5 Most Powerful Words

Read and find emotion in these pages. Or leave, and burn a hole in these pages.

Read and find emotion in these pages. Or leave, and burn a hole in these pages.

I know what I want to say but I don’t know how to say it. There is nothing more cliché than saying something is indescribable, especially in the English language. There are millions of words to choose from. Some words are more powerful than others. According to a study from Yale University, here are the 5 most powerful words in the English language.

1. You

In today’s world, impersonal is unimpressionable. If you don’t engage your audience, don’t expect them to pay attention. “You” makes your dialogue about the reader instead of well, you. It’s not necessary to write completely in second person, but an occasional rhetorical question in the text will help you reach out directly to your reader.

2. Free

Signaling freedom, no money down, space, and opportunity, “Free” yanks on the human brain. It gives back instead of  taking away. “Free” is a word that allows imagination, encourages risk, and disrupts restriction, which makes it so attractive.

3. Love

“Love” is full of contradictions. It is strong and weak, risky and safe, hot and cold, depending on who is doing the loving. It is a word that has no accurate synonyms but dangerous antonyms. If you have ever used, you know the power behind it.

4. Save

A value word, “Save” commands attention from readers because it signals opportunity. Anything that follows “Save” is critical to human lifestyle including time, money, life, and so on. Any chance you have of saving your time, money, or life, you will most likely take it.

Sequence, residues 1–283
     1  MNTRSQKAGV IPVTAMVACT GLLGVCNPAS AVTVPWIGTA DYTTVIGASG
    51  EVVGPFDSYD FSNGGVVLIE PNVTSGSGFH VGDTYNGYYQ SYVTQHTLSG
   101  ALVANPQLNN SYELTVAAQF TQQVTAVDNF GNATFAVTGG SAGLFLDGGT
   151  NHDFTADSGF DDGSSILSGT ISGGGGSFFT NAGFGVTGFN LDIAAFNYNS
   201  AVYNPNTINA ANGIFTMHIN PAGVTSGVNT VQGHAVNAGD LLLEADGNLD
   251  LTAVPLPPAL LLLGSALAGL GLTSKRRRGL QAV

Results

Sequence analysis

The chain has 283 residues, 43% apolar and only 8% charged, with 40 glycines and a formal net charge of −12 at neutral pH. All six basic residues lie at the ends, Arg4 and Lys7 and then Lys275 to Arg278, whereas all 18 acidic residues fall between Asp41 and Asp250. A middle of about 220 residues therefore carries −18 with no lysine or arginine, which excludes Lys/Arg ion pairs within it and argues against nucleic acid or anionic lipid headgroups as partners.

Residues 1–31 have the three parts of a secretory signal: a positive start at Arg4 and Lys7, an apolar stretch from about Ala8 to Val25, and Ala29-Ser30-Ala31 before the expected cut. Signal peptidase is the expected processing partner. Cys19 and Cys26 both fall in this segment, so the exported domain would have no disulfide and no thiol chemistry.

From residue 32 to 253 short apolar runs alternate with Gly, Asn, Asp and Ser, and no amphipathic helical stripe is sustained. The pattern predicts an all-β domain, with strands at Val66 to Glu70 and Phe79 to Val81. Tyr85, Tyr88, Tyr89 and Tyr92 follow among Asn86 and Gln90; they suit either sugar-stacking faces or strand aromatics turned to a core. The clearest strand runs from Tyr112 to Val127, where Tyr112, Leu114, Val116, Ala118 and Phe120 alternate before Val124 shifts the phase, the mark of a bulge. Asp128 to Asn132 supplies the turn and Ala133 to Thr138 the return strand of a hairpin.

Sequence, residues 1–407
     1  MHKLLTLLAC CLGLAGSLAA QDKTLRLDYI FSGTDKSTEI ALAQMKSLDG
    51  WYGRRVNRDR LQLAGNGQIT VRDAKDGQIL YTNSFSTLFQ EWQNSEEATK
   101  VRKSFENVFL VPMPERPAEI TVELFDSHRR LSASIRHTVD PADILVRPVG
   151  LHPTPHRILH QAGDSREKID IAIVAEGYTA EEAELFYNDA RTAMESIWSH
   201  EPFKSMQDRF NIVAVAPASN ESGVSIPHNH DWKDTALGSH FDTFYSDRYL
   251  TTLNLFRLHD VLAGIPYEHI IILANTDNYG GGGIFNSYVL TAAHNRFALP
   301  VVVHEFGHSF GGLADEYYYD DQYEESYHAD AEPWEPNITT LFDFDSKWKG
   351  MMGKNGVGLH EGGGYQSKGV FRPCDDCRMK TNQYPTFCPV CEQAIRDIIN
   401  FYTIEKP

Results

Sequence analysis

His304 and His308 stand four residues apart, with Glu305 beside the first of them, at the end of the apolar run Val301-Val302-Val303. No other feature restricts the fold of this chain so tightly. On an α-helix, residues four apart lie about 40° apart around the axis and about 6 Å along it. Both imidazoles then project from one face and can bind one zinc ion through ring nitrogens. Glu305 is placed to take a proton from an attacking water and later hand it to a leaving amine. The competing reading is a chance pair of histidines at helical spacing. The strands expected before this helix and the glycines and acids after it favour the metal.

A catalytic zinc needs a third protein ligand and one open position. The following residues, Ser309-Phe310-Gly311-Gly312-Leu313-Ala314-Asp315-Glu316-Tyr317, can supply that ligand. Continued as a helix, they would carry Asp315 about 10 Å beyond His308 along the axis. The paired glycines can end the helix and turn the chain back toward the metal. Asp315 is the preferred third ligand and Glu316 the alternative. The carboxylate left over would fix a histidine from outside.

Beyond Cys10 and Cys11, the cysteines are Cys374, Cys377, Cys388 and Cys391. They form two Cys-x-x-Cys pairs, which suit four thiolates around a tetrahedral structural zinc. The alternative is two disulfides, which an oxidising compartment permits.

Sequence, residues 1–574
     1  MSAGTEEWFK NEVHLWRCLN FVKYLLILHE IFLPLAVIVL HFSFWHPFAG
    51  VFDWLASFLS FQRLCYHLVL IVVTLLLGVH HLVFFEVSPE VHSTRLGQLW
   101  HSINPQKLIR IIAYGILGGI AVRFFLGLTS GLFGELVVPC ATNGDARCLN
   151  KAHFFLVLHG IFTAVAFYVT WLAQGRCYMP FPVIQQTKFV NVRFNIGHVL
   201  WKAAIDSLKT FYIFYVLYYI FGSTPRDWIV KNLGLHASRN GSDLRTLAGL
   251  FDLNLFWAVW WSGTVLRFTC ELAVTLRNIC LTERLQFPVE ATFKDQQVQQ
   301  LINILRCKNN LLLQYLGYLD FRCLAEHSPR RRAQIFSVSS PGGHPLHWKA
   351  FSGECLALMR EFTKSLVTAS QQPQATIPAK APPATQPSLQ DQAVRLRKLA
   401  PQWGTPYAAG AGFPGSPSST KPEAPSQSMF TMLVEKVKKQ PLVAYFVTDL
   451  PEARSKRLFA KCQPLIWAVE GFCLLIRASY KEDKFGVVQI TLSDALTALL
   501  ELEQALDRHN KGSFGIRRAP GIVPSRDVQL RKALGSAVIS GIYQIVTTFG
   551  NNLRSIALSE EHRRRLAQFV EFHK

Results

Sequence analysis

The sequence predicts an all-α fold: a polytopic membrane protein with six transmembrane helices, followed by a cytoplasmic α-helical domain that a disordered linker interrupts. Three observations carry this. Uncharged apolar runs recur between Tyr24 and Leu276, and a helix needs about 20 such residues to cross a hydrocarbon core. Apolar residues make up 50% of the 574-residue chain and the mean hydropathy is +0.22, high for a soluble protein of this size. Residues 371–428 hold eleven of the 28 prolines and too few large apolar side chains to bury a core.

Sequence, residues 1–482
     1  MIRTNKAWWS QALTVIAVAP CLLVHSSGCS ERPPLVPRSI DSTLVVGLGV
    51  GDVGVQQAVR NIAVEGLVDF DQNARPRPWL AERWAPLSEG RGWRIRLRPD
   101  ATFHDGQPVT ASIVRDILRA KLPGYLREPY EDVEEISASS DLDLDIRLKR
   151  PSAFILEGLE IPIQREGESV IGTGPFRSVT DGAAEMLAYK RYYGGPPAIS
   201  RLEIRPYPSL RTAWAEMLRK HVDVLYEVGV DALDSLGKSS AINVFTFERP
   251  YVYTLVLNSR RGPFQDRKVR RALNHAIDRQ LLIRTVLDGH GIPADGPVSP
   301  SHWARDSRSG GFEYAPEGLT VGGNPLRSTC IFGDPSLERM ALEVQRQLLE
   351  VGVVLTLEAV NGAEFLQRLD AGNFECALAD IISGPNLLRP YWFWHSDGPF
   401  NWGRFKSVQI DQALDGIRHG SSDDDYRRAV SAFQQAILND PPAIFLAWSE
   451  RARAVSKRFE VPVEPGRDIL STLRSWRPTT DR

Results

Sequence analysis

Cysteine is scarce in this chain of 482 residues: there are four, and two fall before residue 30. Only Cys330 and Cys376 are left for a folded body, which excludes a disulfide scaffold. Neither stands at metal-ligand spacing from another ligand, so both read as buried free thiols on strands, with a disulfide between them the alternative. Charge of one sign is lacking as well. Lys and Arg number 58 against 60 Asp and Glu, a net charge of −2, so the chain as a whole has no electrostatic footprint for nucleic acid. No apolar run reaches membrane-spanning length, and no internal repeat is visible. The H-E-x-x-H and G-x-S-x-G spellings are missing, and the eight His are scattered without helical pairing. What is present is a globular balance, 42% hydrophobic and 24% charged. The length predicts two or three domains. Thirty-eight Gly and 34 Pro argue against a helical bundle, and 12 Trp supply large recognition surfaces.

5. Easy

Life isn’t easy. So when something is said to be easy, we want to know what it is. Also, if a task is said to be easy, people will be persuaded to complete it. An easy way out allows room for laziness but still gives a feeling of accomplishment.

Are there some words you think should be added to this list? Comment below.

Grab A Book

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How many times have you heard, or said the words “I don’t like to read,” or “I can’t write?” But you’re reading and writing all day long. You tweet, text, watch television, and take notes in class. All of these tasks require some sort of literacy skills. Obviously some are more enjoyable than others.

Let’s explore why that is.

Everyone knows you canonly use 140 characters on twitter. Readers like that. Writers don’t. It takes skill to create a complete thought in 140 characters, but to read a complete thought in 140 characters is just plain easier.

Texting is like tweeting, except you have more freedom. Some people would argue that females like texting more than guys because females have more to say.

Have you ever heard a female complain about her boyfriends “one word text messages?” Either way, it is a quicker, and more convenient form of communication. All of the words you see daily are often flashed across a screen or you’re on the move, doing something else why you are watching that television, or scrolling on your smartphone, giving you less time to consider what it actually being said.

I am a twenty-year old college student, and I, too, am in the center of our digital world. I enjoy the conveniences of texting, tweeting, and the joys that come with tablets and smartphones. However, my passion lies with old-fashioned methods of sending and receiving information – like reading actual books with hard covers and writing on notebook paper.

Let’s start an artistic revolution for the leather bound book, the wooden pencil, for words, and for WRITERS. 

Authors like Edgar Allen Poe and Walt Whitman and more have created infinite stories. Awaken the reader inside all of you, and urge people to return to these sacred texts. To become a great writer, you must read great works. And learn how to use them for your own creation.

When was the last time you CHOSE to pick up a book?